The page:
FTC (emtricitabine, Emtriva) has potent anti-hepatitis B virus (HBV) and anti-HIV activity when included in the HAART regimens of individuals coinfected with HBV and HIV, according to a study presented as a poster to the Eleventh Conference on Retroviruses and Opportunistic Infections in San Francisco. Investigators (from the drug’s manufacturer, Gilead Sciences) also found that after a year of treatment with the antiviral, few patients developed HBV resistant to the drug.
The investigators analysed data from three 48-week studies designed to evaluate the safety and efficacy of FTC as part of HAART in treatment-naïve individuals. They extracted data for individuals coinfected with HIV and HBV at baseline and looked at the anti-HIV and anti-HBV effects of FTC in these individuals. Genotypic assays were performed on HBV plasma samples that at week 48 showed detectable HBV (above 4700 copies/ml), to assess the prevalence of FTC-resistant HBV.
A total of 39 patients from the three studies met the investigators' criteria. At baseline their median HBV viral load was over 500,000 copies/ml, and 24 patients (62%) had a detectable HBV viral load.
By week 24, 45% of these patients experienced a fall in their HBV load to below the limit of detection (4,700 copies/mL). By week 48, 59% had an undetectable HBV load. The anti-HIV potency of FTC was indicated by data showing that 97% of individuals had an HIV viral load below 400 copies/mL at week 24, and 94% at week 48.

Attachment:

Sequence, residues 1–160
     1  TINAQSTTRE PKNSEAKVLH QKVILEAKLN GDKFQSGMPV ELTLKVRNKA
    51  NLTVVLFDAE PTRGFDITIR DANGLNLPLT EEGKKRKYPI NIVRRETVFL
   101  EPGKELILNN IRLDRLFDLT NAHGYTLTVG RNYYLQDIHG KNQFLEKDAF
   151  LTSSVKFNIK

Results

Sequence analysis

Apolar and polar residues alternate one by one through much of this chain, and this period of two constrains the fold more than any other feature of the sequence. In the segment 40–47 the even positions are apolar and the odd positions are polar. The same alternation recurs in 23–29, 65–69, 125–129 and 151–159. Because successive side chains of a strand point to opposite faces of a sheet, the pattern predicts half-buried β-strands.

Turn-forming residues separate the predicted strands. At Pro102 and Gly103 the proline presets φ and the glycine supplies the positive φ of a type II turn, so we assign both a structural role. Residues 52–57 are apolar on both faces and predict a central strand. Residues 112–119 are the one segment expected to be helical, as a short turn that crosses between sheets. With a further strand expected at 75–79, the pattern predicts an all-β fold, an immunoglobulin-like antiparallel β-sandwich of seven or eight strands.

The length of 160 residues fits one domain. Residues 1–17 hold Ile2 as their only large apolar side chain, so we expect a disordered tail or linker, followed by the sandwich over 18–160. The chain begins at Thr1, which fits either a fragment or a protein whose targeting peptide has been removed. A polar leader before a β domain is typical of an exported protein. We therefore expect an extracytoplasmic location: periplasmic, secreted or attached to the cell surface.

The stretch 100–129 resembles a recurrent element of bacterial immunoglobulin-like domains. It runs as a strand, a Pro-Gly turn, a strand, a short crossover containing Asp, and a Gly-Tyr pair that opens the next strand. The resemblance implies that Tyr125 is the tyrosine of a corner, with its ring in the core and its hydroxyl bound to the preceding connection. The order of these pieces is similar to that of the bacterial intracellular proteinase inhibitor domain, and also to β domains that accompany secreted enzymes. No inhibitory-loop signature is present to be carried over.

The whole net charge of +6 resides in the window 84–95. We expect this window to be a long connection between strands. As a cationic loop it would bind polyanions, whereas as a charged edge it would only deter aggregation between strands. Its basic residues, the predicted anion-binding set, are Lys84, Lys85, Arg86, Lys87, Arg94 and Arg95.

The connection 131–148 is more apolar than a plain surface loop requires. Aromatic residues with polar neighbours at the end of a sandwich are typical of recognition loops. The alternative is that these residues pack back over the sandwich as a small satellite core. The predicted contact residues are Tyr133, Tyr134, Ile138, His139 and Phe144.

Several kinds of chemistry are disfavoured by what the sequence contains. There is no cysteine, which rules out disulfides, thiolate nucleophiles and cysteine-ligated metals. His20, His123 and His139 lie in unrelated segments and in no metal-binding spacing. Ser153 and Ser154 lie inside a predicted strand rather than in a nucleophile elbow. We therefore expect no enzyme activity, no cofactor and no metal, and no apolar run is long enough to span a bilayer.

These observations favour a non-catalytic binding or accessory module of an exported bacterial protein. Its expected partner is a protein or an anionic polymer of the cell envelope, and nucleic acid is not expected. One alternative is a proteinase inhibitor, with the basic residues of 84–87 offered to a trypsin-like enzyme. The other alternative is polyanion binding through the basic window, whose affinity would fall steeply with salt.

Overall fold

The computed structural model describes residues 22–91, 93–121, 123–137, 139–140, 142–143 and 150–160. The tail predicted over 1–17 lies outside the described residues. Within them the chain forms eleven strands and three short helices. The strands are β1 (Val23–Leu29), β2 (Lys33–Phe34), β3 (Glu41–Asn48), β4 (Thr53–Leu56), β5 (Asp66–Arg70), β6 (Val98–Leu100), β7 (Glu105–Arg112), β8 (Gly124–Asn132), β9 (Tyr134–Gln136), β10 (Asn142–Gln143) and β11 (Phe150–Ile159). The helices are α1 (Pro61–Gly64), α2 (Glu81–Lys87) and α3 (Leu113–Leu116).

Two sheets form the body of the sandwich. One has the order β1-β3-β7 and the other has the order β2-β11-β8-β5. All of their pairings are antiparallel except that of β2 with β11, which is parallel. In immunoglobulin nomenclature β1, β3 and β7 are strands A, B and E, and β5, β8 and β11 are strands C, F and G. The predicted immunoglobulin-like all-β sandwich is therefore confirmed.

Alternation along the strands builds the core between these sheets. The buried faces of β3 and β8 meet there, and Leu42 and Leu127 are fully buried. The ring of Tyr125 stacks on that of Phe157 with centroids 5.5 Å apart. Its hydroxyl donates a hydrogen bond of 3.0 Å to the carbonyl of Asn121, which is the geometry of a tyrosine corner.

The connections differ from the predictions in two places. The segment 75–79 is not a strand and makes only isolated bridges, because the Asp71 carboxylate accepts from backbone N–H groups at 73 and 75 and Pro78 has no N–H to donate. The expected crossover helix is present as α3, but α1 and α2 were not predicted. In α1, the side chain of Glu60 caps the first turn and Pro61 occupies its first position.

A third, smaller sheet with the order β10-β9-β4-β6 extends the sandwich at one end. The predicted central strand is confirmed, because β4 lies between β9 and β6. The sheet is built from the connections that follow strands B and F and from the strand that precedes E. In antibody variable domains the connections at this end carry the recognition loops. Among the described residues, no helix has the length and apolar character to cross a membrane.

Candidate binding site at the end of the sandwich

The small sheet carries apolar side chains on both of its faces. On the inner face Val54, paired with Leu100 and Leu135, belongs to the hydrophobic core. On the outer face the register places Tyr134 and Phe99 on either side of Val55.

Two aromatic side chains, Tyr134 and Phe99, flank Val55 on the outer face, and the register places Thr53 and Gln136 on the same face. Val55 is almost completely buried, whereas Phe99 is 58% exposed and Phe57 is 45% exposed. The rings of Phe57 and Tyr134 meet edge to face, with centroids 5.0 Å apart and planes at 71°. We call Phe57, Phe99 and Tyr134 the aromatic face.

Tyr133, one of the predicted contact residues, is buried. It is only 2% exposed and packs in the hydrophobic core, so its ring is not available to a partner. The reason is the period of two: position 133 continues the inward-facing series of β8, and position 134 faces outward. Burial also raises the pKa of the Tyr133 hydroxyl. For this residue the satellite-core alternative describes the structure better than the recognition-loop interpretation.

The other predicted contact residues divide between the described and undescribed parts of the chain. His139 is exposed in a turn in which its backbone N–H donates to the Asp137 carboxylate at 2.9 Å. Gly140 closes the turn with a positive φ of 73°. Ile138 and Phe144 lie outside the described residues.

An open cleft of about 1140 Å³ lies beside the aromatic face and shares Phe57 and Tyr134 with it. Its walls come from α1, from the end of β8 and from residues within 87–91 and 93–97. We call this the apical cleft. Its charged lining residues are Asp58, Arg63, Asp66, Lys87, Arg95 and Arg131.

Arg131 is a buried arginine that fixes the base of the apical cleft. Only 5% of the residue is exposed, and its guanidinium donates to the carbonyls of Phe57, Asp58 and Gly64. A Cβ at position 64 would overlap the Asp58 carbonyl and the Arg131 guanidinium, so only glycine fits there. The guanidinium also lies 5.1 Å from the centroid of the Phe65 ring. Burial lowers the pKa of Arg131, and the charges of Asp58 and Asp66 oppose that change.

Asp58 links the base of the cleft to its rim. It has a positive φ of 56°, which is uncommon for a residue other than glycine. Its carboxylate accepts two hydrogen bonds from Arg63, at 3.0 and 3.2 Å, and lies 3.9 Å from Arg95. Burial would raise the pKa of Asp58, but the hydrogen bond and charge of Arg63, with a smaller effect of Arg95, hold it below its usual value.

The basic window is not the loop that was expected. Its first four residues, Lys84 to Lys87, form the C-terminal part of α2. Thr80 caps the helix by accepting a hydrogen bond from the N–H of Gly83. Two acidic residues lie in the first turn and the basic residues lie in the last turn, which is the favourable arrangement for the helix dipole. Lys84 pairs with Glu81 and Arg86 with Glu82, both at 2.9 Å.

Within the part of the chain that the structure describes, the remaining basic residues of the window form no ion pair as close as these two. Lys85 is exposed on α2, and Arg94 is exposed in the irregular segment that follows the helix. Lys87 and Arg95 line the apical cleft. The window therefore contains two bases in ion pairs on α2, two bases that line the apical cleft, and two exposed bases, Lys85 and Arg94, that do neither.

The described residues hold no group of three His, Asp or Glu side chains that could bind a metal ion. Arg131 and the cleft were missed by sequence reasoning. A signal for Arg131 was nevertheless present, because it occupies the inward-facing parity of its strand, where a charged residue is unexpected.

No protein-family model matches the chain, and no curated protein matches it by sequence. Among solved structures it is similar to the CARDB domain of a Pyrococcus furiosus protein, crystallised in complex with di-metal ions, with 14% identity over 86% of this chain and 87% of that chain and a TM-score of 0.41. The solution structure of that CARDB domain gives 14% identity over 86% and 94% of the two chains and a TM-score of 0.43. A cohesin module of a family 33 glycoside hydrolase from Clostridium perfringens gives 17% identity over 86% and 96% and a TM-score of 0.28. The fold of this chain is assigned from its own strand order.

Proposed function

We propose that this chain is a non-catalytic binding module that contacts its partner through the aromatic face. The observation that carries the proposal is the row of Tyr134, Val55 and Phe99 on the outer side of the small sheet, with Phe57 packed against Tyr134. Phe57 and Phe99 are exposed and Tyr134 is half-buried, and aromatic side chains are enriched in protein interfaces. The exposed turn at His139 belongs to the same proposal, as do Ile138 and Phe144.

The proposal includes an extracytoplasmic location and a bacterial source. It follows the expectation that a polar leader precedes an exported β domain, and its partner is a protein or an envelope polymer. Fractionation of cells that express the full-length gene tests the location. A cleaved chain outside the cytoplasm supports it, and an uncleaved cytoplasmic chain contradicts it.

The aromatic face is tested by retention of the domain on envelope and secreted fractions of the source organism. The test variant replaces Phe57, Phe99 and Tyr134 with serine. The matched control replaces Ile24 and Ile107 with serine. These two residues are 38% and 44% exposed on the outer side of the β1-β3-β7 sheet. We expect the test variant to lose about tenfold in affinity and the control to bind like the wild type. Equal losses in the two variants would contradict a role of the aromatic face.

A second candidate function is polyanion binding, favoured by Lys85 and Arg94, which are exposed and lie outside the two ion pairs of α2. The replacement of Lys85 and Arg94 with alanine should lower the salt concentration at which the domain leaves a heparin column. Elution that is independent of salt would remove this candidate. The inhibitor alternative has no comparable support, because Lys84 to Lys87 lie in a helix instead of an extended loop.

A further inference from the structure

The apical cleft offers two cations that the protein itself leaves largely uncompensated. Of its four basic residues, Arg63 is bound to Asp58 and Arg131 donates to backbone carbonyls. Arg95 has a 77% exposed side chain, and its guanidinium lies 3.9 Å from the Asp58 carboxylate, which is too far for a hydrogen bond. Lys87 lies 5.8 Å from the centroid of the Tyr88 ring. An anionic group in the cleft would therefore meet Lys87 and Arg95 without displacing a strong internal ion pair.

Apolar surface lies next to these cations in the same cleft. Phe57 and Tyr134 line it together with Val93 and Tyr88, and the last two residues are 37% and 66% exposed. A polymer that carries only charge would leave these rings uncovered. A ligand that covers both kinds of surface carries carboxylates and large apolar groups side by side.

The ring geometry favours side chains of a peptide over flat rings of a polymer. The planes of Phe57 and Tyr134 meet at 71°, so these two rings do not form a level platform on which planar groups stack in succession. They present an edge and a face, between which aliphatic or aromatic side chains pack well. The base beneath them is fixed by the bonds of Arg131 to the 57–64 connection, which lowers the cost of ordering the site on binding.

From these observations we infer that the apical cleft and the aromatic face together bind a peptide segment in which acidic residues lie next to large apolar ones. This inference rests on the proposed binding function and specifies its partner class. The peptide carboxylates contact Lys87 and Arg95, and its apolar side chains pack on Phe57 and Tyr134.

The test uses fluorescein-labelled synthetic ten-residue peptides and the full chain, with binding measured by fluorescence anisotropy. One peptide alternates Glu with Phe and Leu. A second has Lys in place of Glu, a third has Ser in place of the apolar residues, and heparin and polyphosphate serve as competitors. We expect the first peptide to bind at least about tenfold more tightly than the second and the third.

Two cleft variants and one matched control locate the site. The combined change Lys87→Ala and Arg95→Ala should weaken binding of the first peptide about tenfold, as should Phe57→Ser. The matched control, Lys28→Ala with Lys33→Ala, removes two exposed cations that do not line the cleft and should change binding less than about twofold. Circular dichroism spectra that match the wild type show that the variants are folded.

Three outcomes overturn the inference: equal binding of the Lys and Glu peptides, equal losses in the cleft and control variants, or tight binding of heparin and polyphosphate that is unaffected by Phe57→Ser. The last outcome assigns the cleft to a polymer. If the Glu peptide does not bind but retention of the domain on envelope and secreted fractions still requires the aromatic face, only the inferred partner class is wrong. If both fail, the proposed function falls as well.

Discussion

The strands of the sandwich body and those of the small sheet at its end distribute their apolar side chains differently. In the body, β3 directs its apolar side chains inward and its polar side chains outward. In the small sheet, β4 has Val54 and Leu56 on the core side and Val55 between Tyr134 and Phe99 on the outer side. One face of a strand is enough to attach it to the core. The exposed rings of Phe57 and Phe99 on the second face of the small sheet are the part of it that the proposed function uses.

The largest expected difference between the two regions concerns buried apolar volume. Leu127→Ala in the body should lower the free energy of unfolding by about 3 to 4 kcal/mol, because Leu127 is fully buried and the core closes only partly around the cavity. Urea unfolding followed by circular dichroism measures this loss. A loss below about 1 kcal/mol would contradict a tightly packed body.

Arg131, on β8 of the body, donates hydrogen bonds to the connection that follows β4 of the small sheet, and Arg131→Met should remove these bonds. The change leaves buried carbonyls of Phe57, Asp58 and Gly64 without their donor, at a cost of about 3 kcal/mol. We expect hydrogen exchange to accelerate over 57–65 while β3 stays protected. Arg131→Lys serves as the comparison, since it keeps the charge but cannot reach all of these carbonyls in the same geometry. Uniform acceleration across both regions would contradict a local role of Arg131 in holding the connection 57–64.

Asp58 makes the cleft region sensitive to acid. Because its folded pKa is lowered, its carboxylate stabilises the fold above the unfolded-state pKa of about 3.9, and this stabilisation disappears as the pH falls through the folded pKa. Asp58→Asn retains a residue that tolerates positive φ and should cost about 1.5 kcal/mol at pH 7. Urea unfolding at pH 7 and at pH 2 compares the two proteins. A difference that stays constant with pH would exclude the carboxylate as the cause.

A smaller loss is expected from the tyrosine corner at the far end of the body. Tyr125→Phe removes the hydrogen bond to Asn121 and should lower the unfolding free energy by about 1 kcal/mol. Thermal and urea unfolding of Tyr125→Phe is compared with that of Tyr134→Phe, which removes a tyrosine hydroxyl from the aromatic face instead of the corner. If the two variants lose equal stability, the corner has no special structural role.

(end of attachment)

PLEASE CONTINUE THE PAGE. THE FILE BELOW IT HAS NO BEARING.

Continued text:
The investigators compared the results of the three studies looking at the anti-HBV efficacy of FTC in HIV/HBV coinfected patients with a study looking at the effectiveness of FTC in patients infected only with HBV. They established that at week 48, FTC was as effective against HBV in individuals coinfected with HBV and HIV as it was in patients just infected with HBV, with 55% of coinfected patients achieving an undetectable HBV viral load compared to 59% of monoinfected individuals.
Finally, the investigators looked at the 48 week incidence of drug resistant HBV in coinfected individuals who had detectable HBV viral load at baseline. By week 48 two of these individuals (12%) had developed resistance mutations.
The Gilead investigators conclude that FTC has potent anti-HBV and anti-HIV effects in treatment-naïve individuals coinfected with the two viruses, and that the drug has similar efficacy in coinfected patients as it does in monoinfected individuals. In addition, they conclude that a low incidence of HBV resistance was observed.
Further information on this website
FTC – overview
Hepatitis B - overview
Hepatitis B - factsheet
HIV and hepatitis 2003 edition of the booklet in the information for HIV-positive people edition (2004 version available by e-mailing email@example.com).
Harris J et al. Emtricitabine therapy for hepatitis infection in HIV-1 patients co-infected with hepatitis B: antiviral response and genotypic findings in antiretroviral treatment naïve patients. Eleventh Conference on Retroviruses and Opportunistic Infections, poster 836, 2004.